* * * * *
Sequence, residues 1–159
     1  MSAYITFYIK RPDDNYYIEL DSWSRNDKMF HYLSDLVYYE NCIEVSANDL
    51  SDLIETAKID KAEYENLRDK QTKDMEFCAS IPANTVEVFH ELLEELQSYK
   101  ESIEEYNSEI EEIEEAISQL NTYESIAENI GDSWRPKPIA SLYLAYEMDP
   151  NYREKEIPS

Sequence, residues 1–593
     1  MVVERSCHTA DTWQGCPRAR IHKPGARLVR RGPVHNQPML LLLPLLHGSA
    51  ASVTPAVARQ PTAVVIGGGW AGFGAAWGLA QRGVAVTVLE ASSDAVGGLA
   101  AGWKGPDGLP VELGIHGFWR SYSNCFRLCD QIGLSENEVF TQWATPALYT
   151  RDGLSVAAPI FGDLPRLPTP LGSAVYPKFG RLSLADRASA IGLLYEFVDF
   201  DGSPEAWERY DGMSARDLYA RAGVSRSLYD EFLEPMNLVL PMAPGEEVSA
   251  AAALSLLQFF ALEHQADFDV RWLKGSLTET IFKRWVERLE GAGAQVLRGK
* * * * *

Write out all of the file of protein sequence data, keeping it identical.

Sequence, residues 1–159
     1  MSAYITFYIK RPDDNYYIEL DSWSRNDKMF HYLSDLVYYE NCIEVSANDL
    51  SDLIETAKID KAEYENLRDK QTKDMEFCAS IPANTVEVFH ELLEELQSYK
   101  ESIEEYNSEI EEIEEAISQL NTYESIAENI GDSWRPKPIA SLYLAYEMDP
   151  NYREKEIPS

Sequence, residues 1–593
     1  MVVERSCHTA DTWQGCPRAR IHKPGARLVR RGPVHNQPML LLLPLLHGSA
    51  ASVTPAVARQ PTAVVIGGGW AGFGAAWGLA QRGVAVTVLE ASSDAVGGLA
   101  AGWKGPDGLP VELGIHGFWR SYSNCFRLCD QIGLSENEVF TQWATPALYT
   151  RDGLSVAAPI FGDLPRLPTP LGSAVYPKFG RLSLADRASA IGLLYEFVDF
   201  DGSPEAWERY DGMSARDLYA RAGVSRSLYD EFLEPMNLVL PMAPGEEVSA
   251  AAALSLLQFF ALEHQADFDV RWLKGSLTET IFKRWVERLE GAGAQVLRGK